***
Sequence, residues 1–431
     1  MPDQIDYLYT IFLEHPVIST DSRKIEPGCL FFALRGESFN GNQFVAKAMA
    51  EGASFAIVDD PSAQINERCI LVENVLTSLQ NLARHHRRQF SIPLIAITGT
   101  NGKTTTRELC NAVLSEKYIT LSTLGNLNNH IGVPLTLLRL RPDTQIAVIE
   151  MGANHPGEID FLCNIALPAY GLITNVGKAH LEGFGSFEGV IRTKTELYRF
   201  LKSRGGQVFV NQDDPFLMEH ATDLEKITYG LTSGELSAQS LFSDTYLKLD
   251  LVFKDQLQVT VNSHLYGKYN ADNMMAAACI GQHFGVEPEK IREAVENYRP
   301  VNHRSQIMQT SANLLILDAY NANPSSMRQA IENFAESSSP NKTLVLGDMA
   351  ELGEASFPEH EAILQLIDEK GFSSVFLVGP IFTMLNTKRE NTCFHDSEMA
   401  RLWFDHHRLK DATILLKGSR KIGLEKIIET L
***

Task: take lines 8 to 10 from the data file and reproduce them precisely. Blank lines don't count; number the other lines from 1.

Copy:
   301  VNHRSQIMQT SANLLILDAY NANPSSMRQA IENFAESSSP NKTLVLGDMA
   351  ELGEASFPEH EAILQLIDEK GFSSVFLVGP IFTMLNTKRE NTCFHDSEMA
   401  RLWFDHHRLK DATILLKGSR KIGLEKIIET L